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|Federal Highway Administration > Publications > Public Roads > Vol. 71 · No. 6 > Internet Watch|
Publication Number: FHWA-HRT-09-001
by Keri A. Woodard
Using Podcasts to Listen and Learn
Headphone wearing and rhythmic head bobbing are telltale signs. Whether walking down the street, working out at the gym, or riding the bus, Americans across the country are embracing digital audio devices, including MP3 players, as a means to listen to music and view photos and videos while on the go. These small, easily portable devices enable just about anyone to carry and listen to songs, lectures, and other audio files whenever and wherever. Although some users are listening to their favorite tunes, others are taking advantage of the growing variety of podcasts available for download from many Web sites. Podcasts are recorded broadcasts that listeners can hear on their computers or download to an MP3 player.
Because so many people are listening to podcasts, several transportation agencies and organizations have started posting these types of files on their Web sites to share a variety of information, from training seminars to interviews with highway officials.
At the Federal Level
For the past several years, participants in the Federal Highway Administration's (FHWA) "Talking Freight" seminar series could take part in the lessons only when seated infront of their computers or in a meeting room with Internetaccess. In spring 2008, however, FHWA began making theseminars available via podcast. Now freight practitioners and others can listen to the seminars whenever and wherever they choose. For example, listeners now can download a podcast of the "Supply Chains and Private Sector Dynamics" seminar held on May 21, 2008. To download this and other "Talking Freight" podcasts free of charge, visit www.fhwa.dot.gov/freightplanning/talking.htm.
FHWA is making other podcasts available online as well. At the Web site for FHWA's America's Byways® program, users can download numerous interviews and discussions about some of the 126 distinct and diverse roads designated by the U.S. Department of Transportation as America's Byways. These podcasts include interviews conducted by humorist, radio personality, and author Tom Bodett with highway officials about the Top of the Rockies byway in Colorado and a discussion about the Native American Scenic Byway in South Dakota. For more information on these podcasts, visit www.byways.org/press/news/podcasts.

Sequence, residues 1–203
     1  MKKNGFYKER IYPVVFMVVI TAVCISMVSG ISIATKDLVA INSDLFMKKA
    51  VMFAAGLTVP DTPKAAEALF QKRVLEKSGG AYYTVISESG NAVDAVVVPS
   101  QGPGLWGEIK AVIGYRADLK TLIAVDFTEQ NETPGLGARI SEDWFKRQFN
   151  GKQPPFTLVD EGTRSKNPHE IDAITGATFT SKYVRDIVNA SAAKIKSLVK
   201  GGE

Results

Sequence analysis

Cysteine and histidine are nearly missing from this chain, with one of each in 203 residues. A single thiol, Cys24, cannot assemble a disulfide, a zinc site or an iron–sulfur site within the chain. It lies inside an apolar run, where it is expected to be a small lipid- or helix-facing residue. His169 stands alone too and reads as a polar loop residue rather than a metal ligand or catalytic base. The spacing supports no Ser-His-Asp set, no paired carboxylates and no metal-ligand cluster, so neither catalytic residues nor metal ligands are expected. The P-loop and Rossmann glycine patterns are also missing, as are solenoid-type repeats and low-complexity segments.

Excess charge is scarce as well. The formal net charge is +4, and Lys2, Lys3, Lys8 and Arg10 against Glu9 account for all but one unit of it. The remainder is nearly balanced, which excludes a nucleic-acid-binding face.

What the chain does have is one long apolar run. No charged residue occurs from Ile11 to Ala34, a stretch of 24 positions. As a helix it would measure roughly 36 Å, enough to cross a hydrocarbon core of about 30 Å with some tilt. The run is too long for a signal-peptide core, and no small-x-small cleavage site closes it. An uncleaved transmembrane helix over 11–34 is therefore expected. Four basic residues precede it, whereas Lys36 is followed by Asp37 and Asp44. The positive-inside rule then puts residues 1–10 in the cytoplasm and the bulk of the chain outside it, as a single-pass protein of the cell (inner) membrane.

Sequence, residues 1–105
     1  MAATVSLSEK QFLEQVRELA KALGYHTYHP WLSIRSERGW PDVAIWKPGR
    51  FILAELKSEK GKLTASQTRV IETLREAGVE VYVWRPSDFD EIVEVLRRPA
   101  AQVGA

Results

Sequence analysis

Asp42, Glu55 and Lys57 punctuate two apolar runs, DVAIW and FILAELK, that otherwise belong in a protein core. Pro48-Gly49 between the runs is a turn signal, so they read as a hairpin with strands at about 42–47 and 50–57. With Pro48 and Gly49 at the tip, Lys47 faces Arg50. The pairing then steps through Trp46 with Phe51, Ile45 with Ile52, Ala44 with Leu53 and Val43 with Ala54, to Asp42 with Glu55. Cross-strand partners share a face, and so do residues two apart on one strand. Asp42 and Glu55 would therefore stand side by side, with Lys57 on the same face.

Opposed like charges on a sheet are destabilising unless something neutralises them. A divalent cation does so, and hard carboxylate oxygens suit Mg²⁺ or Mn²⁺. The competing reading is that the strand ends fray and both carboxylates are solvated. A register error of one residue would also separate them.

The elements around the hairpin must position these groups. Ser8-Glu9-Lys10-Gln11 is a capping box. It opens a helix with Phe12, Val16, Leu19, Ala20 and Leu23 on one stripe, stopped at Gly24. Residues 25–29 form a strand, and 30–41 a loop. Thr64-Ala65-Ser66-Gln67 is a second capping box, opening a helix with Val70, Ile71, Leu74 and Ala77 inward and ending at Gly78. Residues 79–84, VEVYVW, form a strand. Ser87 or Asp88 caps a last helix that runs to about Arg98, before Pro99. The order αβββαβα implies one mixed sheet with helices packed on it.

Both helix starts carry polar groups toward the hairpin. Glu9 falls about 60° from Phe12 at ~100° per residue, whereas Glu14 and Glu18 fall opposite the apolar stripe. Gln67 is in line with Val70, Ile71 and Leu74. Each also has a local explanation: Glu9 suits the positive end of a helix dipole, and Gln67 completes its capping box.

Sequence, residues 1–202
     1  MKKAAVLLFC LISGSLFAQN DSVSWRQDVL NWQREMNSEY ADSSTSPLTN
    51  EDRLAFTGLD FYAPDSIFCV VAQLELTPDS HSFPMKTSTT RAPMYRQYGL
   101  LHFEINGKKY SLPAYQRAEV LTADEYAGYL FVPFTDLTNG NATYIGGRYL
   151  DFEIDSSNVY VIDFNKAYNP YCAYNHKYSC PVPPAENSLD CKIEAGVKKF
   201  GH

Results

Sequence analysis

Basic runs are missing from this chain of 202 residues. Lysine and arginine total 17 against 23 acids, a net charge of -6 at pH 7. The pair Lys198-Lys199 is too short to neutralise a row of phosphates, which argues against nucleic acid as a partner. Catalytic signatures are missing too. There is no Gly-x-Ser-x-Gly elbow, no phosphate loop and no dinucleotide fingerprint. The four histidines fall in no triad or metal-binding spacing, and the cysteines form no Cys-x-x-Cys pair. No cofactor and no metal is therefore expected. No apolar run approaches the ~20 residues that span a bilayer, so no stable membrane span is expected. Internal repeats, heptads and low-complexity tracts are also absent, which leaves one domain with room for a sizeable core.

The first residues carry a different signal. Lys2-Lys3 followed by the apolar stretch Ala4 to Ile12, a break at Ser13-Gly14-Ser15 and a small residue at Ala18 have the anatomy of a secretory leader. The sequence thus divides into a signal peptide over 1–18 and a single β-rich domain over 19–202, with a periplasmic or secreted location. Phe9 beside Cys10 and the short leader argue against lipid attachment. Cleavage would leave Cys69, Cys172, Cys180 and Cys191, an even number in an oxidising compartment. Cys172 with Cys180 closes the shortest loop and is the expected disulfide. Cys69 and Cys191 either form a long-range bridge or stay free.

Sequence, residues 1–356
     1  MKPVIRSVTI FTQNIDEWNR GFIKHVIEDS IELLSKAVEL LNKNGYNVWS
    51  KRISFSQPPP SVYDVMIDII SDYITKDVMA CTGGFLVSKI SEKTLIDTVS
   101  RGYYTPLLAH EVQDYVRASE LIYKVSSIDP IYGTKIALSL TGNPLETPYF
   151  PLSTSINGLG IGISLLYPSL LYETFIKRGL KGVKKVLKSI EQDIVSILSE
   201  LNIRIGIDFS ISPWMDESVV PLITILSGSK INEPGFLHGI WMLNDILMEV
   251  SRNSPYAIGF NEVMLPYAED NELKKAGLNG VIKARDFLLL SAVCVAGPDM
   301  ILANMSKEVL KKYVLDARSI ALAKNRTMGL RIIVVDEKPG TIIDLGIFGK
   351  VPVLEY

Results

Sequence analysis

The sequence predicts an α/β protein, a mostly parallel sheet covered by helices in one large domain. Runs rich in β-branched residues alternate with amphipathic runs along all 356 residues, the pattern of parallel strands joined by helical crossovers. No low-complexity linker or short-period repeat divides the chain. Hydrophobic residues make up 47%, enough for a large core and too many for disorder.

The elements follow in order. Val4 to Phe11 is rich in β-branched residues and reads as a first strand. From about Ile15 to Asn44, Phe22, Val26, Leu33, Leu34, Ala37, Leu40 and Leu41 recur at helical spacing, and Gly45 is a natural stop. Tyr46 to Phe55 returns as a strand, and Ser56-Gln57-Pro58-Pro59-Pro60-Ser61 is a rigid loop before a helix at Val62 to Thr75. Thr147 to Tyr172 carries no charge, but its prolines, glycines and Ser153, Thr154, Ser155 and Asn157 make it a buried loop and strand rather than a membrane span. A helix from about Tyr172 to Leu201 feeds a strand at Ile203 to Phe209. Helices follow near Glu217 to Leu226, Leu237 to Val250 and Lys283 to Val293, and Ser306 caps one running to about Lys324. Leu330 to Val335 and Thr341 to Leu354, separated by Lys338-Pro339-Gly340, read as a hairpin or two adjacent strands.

States Talk, People Listen
Several State departments of transportation (DOTs) also have begun posting podcasts on their Web sites. The Texas Department of Transportation's (TxDOT) Keep Texas Moving program offers more then 20 podcasts on its Web site. For example, users can download an interview with TxDOT's emergency management coordinator on mass evacuation procedures or listen to a podcast on public-private partnerships featuring a professor of strategic management at the College of Business Administration at Northeastern University in Boston.
The Missouri Department of Transportation (MoDOT) also is jumping on the podcast bandwagon with its MoDOT Minute program. Every Tuesday, MoDOT officials post 60-second podcasts and videos that update the public on the latest transportation news and events in the State. For example, one podcast featured a MoDOT official discussing 10 work zones to be aware of during the summer travel season. Another podcast highlights the reduction in the number of fatalities in Missouri's highway work zones. These and other podcasts and videos are available at www.modot.org/newsandinfo/ModotMinute.htm.
Connecting With Members
In addition to Federal and State DOT efforts, transportation industry organizations and publications have started using podcasts to connect with their members and readers. The Transportation Research Board (TRB), for example, released a podcast earlier this year through the Sounds of Science series that features a discussion of the TRB 87th Annual Meeting and the role that TRB has played in the transportation industry. To download this podcast and subscribe to others available from the National Academies, visit www.trb.org.
Similarly, magazines, journals, and other publications now offer podcasts as a new way to connect with subscribers and the public. The Web site ENR.com, the online home of a publication featuring engineering news, posts podcasts on a range of topics related to engineering and transportation. For example, one podcast features an interview with Joseph Toole, formerly with the FHWA Office of Professional and Corporate Development (now associate administrator of the Office of Safety), who discussed worker shortages in the transportation industry and FHWA's training programs and global partnerships. Other podcasts have included discussions with the U.S. Secretary of Transportation and officials from the Virginia and Florida DOTs. To download these and other podcasts, visit http://enr.construction.com/people/multimedia/podcasts/default.asp.
Podcasting is just one of the many new technologies that are changing the way members of the transportation industry learn and communicate. Logon, download, and start listening—anytime, anywhere.
Keri A. Woodard is a contributing editor for Public Roads.
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